Why Amazon India is the reason behind Flipkart-Snapdeal merger

This would be India's biggest merger - $10 billion (Rs 6,500 crore) - in the e-commerce sector.

 |  3-minute read |   10-04-2017
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Hectic negotiations are reportedly on, exploring a merger between the two home-bred e-retail giants, Flipkart and Snapdeal. The initiator of the talks is Softbank Corp, the Japanese investor in Snapdeal, who wants US-based Tiger Global, the biggest investor in Flipkart, to consider a merger.

If this merger materialises, it would be the biggest in India’s $10 billion (Rs 6,500 crore) e-commerce sector. Some of the reasons for the proposed merger are obvious. Snapdeal has been in trouble lately, laying off hundreds of its staff to “drive efficiency across all parts of (its) business” as the company puts it.

Its founders, Kunal Bahl and Rohit Bansal, had even foregone their salaries since this February, and Bahl has written an emotional letter to the company’s staff, that reads more like an admission of excessive splurge and lack of a sharp focus in the business.

“Over the last 2-3 years, with all the capital coming into this market, our entire industry, including ourselves, started making mistakes,” Bahl wrote. “We started growing our business much before the right economic model and market fit was figured out.”

He also blamed diversifying and starting new projects without perfecting the first or made it profitable, and building abnormal team and capabilities as other factors that pushed firms such as his into the red.

am_041017091021.jpg Most investors did not anticipate the stupendous growth of Amazon in the country.

Snapdeal, which has over a million customers on its site daily, has been struggling for the past 15 months, and posted losses of Rs 2,960 crore in 2015-16, double that of the previous year.

How did this lapse happen, despite Snapdeal having several illustrious businessmen to turn to for advice, including Ratan Tata, who has invested in Snapdeal in his personal capacity, as he has done in 20 other such start-ups?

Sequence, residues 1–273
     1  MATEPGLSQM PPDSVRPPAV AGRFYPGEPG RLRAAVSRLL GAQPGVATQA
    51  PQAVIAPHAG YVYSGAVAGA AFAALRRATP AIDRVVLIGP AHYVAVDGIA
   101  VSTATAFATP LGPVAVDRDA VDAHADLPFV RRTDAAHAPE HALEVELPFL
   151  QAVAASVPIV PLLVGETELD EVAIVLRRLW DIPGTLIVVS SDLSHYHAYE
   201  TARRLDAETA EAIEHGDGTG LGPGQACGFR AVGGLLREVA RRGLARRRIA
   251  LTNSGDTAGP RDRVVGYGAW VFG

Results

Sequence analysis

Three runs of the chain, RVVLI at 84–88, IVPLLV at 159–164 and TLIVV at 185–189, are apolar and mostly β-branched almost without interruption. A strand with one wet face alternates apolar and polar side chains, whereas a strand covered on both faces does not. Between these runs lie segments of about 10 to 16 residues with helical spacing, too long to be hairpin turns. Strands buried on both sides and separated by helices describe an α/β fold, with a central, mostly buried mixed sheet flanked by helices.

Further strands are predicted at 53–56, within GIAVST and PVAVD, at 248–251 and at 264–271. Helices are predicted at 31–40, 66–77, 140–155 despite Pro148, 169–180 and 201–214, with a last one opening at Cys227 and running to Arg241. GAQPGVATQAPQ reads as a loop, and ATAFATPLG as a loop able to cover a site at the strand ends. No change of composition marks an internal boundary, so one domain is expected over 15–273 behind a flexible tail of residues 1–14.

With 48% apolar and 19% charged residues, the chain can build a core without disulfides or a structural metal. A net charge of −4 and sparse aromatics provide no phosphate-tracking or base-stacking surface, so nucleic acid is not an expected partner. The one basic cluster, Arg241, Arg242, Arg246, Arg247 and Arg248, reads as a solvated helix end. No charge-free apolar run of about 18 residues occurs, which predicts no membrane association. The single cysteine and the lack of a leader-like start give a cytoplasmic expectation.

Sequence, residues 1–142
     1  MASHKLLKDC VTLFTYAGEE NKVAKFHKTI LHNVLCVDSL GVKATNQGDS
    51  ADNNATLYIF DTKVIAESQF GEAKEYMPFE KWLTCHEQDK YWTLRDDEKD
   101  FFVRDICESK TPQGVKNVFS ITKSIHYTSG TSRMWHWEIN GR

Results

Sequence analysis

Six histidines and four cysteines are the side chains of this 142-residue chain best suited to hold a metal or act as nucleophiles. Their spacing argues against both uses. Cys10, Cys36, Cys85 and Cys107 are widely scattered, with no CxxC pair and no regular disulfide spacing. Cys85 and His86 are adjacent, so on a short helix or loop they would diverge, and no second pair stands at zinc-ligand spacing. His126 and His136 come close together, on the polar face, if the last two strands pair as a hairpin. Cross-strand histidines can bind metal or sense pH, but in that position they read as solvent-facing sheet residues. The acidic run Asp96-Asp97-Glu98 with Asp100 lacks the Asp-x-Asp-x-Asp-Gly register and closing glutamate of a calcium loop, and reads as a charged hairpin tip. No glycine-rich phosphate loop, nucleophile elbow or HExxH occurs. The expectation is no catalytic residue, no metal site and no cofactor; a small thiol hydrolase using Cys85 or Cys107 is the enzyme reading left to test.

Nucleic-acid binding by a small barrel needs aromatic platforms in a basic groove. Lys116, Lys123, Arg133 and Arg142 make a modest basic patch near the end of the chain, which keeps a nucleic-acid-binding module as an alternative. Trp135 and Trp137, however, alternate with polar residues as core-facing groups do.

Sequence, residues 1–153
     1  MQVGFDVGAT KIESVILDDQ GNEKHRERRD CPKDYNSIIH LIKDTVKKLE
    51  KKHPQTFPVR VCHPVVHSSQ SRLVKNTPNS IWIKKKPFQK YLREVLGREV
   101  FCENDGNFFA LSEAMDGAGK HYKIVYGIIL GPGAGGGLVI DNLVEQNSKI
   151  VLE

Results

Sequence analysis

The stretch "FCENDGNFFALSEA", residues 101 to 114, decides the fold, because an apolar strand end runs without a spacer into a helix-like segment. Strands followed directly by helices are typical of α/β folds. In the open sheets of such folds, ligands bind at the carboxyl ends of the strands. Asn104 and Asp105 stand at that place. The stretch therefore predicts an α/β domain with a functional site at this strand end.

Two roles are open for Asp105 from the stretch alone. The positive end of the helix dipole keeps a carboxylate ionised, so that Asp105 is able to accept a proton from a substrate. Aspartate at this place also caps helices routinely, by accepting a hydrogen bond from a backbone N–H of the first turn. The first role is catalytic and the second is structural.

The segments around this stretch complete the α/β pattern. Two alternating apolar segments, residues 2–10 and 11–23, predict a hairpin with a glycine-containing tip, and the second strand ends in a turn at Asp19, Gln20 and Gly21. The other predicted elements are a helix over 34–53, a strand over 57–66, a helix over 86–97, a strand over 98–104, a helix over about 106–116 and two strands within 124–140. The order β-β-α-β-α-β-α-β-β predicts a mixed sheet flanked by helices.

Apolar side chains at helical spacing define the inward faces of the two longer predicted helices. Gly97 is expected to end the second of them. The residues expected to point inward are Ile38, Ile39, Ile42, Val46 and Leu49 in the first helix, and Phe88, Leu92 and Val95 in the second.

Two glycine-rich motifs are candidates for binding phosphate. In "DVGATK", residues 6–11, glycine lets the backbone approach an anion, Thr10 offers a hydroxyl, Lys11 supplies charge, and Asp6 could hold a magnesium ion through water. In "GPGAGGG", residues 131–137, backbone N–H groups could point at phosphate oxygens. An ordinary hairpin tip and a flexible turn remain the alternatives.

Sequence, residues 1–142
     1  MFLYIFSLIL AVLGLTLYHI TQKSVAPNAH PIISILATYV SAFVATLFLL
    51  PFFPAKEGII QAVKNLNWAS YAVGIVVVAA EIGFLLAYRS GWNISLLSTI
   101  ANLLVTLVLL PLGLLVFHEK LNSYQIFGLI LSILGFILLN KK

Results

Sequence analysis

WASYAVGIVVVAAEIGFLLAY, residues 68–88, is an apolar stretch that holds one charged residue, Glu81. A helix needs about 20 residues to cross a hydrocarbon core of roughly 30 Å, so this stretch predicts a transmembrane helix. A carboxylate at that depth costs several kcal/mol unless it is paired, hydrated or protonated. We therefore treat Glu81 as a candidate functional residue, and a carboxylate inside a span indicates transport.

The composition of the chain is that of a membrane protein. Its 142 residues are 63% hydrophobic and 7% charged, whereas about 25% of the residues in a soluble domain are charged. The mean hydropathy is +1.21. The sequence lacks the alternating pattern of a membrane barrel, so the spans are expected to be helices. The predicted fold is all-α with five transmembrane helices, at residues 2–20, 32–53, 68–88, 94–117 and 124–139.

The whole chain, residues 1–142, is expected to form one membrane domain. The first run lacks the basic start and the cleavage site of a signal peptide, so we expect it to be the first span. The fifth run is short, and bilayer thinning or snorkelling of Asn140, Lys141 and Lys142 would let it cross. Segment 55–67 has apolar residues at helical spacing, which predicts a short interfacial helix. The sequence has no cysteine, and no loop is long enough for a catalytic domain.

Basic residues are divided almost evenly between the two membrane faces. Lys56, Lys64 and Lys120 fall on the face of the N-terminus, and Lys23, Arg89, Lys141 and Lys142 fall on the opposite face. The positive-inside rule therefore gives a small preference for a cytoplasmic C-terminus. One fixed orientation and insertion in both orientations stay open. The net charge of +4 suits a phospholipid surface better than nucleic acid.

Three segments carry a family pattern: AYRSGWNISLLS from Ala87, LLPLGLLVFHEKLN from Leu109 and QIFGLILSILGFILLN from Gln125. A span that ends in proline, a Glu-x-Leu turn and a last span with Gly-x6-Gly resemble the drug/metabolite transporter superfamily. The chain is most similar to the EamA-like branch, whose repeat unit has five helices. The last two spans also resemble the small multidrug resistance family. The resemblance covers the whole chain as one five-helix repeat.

Flipkart, on the other hand, which has over 100 million customers, has had its share of troubles too, with US mutual fund giant Fidelity slashing the valuation of its holdings in the etailer to around $5.58 billion (Rs 36,000 crore), one third the firm’s peak valuation.

The Sachin Bansal and Binny Bansal founded company’s losses too doubled in 2015-16 to Rs 2,306 crore, and it lost its numero uno position to newcomer Amazon India, a subsidiary of the US etail giant last year.

While Flipkart hasn’t admitted to any faulty business decisions or extravaganza as Snapdeal has, that does not mean there weren’t any. The markdowns at Flipkart came at a time when there was an exodus of talent form the company, especially at the senior levels.

What is perhaps becoming increasingly clear is that most investors did not anticipate the stupendous growth of Amazon in the country, driven by its better business model.

That model hinges on maintaining a low cost of operations for its online sellers, thus lowering the selling price. The key to Amazon’s business success in India is its attention to the three universal core principles of online shopping: providing a massive selection for the shoppers, maintaining low prices, and creating a great shopping experience.

For this, it created the largest fulfilment infrastructure for any e-commerce firm, and at present has 34 such centres across 10 states, covering a total area of over 3 million square feet with a storage capacity close to 10 million cubic feet.

Now, that’s commendable. Herein lies the lessons that a new combine of Flipkart and Snapdeal can emulate, to make their venture successful.

The customer has always been king in retail, but in the online space, the customer is so fickle that she cares for nothing but low prices, plus a great shopping experience. While helping her do so, the company should also ensure profitability.

Ten years, as in Flipkart’s case, is a long time for investors to wait in the expectation of profits. The time to turnaround is now, and the merger could be the first step in doing so.

(Courtesy of Mail Today.)

Also read: I was duped by Amazon India. This is my story


MG Arun MG Arun @mgarun1

The writer is Deputy Editor, India Today.

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